Forecasting events at scale given a set of variables is a capability most companies would find useful, for obvious reasons. Fortunately for them, Amazon’s made the science of prediction more accessible with a fully managed service called Forecast, which uses AI and machine learning to deliver highly accurate forecasts. It’s now generally available through Amazon Web Services in US East (Ohio), US East (N. Virginia), US West (Oregon), Asia Pacific (Tokyo), Asia Pacific (Singapore), and EU (Ireland) regions, after debuting in preview during Amazon’s re:Invent conference in Las Vegas last November.
As Amazon explained in a press release, Forecast — which is based on the same technology the Seattle company uses to anticipate demand for hundreds of millions of products every day — can be used to build precise forecasts for virtually any business condition, including product demand and sales, infrastructure requirements, energy needs, and staffing levels. It automatically provisions the necessary cloud infrastructure and processes data, building custom AI models hosted on AWS without requiring an ounce of machine learning experience on the part of developers.
Amazon says that via the API or a console, the average person can build custom machine learning models in less than five clicks and achieve accuracy levels that would normally take months in as little as a few hours. Moreover, it says that Forecasts’s predictions are up to 50% more precise than traditional methods.
Why the accuracy advantage? Two reasons, according to Amazon: (1) Forecast incorporates very large volumes of historical data, ensuring it doesn’t miss out on important signals from the past that are lost in the noise, and (2) it takes into account related but independent data, which Amazon notes can offer important context. Specifically, Forecast discovers how variables such as product features, seasonality, and store locations affect each other. It leverages those relationships to quickly recognize complex patterns and improve forecast accuracy, setting up a data pipeline, ingesting data, training a model, providing accuracy metrics, and performing forecasts.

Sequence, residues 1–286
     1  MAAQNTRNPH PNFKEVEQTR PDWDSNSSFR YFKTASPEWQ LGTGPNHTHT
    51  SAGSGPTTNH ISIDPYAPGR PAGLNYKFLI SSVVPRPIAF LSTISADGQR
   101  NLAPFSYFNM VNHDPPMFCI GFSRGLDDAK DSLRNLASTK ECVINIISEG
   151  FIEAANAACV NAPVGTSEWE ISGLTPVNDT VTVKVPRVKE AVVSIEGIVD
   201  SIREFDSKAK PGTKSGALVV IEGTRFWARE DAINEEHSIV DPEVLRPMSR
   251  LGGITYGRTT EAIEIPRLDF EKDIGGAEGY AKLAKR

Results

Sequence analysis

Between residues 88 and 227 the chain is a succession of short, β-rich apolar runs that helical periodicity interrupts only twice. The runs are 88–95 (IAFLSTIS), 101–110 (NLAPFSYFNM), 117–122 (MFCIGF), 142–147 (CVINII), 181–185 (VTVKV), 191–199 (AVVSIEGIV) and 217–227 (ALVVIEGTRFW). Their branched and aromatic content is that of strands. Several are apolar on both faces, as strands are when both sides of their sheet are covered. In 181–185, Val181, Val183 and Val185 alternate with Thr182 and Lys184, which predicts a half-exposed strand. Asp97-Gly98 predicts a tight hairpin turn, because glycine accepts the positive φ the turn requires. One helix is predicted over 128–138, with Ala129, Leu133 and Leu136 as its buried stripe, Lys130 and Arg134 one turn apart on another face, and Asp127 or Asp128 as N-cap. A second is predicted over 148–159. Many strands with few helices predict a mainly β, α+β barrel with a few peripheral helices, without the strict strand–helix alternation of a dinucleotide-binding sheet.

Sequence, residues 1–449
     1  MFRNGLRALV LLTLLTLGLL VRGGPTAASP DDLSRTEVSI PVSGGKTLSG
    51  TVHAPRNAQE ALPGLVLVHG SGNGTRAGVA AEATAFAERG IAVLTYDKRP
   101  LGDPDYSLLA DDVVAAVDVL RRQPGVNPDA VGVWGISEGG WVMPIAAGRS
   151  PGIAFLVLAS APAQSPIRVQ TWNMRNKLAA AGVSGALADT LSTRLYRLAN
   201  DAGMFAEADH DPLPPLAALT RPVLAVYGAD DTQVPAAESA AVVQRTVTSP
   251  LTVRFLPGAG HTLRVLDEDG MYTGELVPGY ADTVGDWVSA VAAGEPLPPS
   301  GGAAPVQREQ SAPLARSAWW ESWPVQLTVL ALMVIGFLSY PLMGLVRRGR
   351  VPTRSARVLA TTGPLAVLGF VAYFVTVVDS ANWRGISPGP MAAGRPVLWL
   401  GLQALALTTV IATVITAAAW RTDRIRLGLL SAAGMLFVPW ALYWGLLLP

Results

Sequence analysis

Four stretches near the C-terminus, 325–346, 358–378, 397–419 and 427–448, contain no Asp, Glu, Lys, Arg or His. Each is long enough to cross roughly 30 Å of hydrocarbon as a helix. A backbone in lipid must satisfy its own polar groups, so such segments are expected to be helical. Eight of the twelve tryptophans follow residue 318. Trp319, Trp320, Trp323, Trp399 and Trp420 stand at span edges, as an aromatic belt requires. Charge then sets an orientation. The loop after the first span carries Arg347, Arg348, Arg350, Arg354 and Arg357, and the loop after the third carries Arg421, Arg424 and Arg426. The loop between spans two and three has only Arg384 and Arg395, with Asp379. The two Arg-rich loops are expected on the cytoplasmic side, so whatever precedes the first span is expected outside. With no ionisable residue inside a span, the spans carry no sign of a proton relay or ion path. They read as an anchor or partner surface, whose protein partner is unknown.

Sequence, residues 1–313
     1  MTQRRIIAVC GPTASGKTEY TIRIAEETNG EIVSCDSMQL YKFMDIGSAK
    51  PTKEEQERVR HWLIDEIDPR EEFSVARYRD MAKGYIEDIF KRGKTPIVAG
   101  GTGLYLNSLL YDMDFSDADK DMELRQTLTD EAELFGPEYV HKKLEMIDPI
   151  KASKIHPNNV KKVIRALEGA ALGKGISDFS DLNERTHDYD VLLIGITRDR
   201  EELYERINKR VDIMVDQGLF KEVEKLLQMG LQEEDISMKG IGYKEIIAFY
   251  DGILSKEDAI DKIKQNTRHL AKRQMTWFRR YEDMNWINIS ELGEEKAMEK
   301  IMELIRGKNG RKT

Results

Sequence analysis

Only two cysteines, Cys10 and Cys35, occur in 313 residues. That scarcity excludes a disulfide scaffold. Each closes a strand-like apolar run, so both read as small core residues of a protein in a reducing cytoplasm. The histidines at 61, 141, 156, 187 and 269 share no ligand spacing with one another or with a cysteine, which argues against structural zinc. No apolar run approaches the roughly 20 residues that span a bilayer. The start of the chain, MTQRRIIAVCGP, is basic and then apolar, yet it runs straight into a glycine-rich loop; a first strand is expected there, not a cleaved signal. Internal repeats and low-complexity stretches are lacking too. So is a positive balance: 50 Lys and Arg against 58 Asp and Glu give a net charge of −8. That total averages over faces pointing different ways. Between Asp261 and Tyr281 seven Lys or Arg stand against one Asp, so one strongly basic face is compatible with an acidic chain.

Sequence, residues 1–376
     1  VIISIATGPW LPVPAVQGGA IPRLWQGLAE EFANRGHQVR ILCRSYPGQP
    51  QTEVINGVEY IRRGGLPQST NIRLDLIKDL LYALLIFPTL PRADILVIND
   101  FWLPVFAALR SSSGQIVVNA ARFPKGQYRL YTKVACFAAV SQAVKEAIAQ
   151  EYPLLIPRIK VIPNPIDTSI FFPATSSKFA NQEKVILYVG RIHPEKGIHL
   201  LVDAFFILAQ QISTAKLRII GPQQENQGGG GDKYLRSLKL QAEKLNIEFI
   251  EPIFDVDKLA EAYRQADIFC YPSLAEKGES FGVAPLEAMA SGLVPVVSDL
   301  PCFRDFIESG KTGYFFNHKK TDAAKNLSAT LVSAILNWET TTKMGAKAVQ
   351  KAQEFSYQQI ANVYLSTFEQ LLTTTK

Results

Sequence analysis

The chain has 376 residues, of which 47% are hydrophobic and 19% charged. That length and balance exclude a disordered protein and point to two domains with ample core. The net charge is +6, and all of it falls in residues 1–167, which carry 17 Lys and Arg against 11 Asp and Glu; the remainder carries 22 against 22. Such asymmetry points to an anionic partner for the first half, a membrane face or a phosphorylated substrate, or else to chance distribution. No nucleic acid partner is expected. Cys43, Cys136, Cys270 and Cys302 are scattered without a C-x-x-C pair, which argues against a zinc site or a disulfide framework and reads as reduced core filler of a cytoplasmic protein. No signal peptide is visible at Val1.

“Amazon Forecast now offers the forecasting expertise from Amazon’s first 25 years of building the world’s largest ecommerce business in a managed service for any company to leverage,” said Amazon Machine Learning vice president Swami Sivasubramanian. “We’ve built sophisticated, machine learning forecasting algorithms over many years that our customers can now use in Amazon Forecast without having to know anything about machine learning themselves. We can’t wait to see how our customers use the service to reduce operating expenses and inefficiencies, ensure higher resource and product availability, deliver products faster, and lower costs to delight their customers.”
Amazon says that Puget Sound Energy, Washington State’s largest utility with over 1.1 million electric customers and 825,000 natural gas customers in 10 counties, uses Forecast to predict electric and gas consumption at a typical residence as far out as 30 days. Another AWS customer, integrated transportation and logistics service provider CJ Logistics, taps the service to optimize the amount of manpower, transportation, and warehouse space it provisions to meet demand.
The launch of Forecast follows on the heels of Textract, which became generally available in May. In a nutshell, it’s a cloud-hosted and fully managed service that uses machine learning to parse data tables, forms, and whole pages for text and data.
Credit: Google News